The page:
“Perry has signed into law state budgets that have invested billions of dollars more in education.”
-- Passage from RickPerry.org, the official presidential campaign web site for Texas Gov. Rick Perry
Brian Williams: “Your state ranks among the worst in the country in high school graduation rates, as we established. Yet you recently signed a budget cut for millions in education funding. You pushed for greater cuts than were in budget that the legislature passed. You’ve said that education is a top priority, but explain cutting it the way you did, please.”
Perry: “I think the reductions that we made were thoughtful reductions. And the fact of the matter is Texas has made great progress in the 10 years that I’ve been governor, from the standpoint of our graduation rates now are up to 84 percent, higher than they’ve been during any period of time before that. When you share the border with Mexico, and when you have as many individuals that we have coming into the state of Texas, we have a unique situation in our state. But the fact is, I stand by a record from what we’ve done with the resources that we’ve had, and I think that the reductions that we put in place were absorbed by our schools.”
-- Exchange between Perry and moderator Brian Williams during a debate at the Ronald Reagan Presidential Library, Sept. 7, 2011
Perry’s record on education may never matter if he becomes president. He did, after all, vow to abolish the Department of Education en route to his “oops” moment at the CNBC debate in Michigan.
Still, these types government-overhaul promises rarely stick, so we decided to fact-check the governor’s comments.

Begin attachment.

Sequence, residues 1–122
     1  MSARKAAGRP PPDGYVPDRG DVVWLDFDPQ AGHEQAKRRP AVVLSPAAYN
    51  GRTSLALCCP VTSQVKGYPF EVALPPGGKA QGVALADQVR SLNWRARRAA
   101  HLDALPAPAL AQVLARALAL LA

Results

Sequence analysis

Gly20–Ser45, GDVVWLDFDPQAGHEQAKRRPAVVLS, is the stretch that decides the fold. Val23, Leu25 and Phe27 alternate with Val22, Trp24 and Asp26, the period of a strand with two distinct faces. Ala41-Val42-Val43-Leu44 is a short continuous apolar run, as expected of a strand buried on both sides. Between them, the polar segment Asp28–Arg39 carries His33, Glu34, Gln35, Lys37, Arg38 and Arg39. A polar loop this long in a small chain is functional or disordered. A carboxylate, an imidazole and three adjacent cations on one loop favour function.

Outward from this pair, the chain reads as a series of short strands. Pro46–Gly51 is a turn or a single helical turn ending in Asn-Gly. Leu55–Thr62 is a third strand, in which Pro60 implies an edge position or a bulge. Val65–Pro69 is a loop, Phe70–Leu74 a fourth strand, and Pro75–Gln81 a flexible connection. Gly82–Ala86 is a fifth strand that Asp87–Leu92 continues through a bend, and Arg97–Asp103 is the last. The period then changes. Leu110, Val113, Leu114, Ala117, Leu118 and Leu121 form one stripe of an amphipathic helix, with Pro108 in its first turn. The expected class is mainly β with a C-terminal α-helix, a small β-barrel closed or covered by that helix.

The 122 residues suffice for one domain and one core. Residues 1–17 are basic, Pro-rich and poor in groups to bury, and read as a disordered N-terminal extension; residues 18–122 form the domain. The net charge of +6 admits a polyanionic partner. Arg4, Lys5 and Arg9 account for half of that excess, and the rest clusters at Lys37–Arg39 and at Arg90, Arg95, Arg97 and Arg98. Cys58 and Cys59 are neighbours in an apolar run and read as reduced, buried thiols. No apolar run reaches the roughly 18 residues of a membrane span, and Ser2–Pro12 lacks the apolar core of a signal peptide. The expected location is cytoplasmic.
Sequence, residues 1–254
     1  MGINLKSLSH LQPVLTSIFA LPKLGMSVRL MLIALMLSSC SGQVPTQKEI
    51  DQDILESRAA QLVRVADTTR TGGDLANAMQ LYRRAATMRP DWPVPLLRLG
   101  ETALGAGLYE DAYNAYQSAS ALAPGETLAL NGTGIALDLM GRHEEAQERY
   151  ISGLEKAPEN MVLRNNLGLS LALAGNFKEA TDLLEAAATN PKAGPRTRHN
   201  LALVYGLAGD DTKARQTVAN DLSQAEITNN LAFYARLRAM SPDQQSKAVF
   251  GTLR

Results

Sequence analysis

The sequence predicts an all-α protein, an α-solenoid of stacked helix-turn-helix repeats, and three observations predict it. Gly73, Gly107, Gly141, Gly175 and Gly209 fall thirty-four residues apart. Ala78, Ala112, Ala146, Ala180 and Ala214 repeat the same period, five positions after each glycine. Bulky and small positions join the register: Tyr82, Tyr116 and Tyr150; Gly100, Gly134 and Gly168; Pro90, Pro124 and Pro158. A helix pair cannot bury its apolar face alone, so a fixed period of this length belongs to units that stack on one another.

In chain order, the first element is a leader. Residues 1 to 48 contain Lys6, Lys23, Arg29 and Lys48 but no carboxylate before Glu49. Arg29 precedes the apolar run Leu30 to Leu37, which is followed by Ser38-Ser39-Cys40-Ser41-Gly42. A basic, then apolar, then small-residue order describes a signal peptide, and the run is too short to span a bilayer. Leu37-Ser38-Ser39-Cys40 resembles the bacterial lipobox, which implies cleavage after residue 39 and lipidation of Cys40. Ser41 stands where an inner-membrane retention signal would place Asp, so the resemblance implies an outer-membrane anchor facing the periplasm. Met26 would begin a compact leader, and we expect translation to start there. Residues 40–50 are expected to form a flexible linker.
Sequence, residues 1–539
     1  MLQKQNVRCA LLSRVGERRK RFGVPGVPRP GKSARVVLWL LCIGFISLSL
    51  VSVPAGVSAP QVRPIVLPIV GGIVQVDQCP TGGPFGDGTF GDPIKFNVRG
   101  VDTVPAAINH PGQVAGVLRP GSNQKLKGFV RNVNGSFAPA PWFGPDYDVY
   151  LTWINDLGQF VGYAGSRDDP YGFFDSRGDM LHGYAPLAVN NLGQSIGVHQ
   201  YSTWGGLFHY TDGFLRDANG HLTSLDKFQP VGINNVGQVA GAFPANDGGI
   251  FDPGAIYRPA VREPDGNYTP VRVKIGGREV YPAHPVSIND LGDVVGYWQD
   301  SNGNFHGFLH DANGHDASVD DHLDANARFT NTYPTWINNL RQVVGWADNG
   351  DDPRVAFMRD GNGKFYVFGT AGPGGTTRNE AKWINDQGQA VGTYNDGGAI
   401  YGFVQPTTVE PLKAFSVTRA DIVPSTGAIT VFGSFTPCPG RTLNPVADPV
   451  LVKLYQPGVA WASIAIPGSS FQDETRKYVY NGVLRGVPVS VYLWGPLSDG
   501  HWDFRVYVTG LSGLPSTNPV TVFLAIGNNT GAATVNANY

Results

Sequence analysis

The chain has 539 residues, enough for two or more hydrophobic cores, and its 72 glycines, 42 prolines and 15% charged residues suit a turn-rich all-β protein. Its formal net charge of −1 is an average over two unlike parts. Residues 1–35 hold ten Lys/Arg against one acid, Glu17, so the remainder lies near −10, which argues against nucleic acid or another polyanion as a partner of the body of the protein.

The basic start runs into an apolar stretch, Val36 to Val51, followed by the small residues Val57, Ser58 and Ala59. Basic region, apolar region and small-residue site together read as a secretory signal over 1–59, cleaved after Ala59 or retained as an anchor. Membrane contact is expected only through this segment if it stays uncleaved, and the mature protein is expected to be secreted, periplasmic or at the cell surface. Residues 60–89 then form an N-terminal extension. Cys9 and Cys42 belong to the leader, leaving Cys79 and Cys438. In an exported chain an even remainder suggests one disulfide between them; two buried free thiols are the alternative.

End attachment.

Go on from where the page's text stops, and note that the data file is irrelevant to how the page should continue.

Some of Perry’s claims appear to contradict each other. Did he make “thoughtful reductions” or invest billions more in education? We figured it might be both. But then, what was the net effect?
Perry also said his state’s graduation rates have reached an all-time high. We looked at the data to find out whether Texas has improved to the extent he suggests.
We compared Texas’s state education funding from the 2000-2001 and 2012-2013, representing the last biennial budget approved before Perry took office and the one he signed this year. Our calculations show that the state has increased general revenue appropriations for K-12 schools by about $200 million, adjusted for inflation.
That’s far from the billions extra that Perry suggested, and it hardly keeps pace with student enrollment, which has grown 21 percent during Perry’s tenure.
Funding has dropped from about $8,350 per student (in 2011 dollars) during the 2000-2001 biennium to $6,897 per student for 2010-2011.
This year, Perry approved a budget that reduced school spending by $879 million compared to the previous biennium -- although state lawmakers may pass a supplemental appropriations bill with more education funding sometime in 2013.
Perhaps most importantly, the 2012-2013 budget doesn’t fully account for enrollment growth. A report from the state budget board notes that Texas will likely fall $4 billion short of the amount required by the state’s school-funding formula (see page 3 of the report).
“It’s the first time in Perry’s lifetime that we’ve failed to appropriate enough money to meet enrollment growth,” said Clay Robison, a spokesman for the state teachers’ union. “You have to fund the new kids as well as the returning kids, or they get reduced funding.”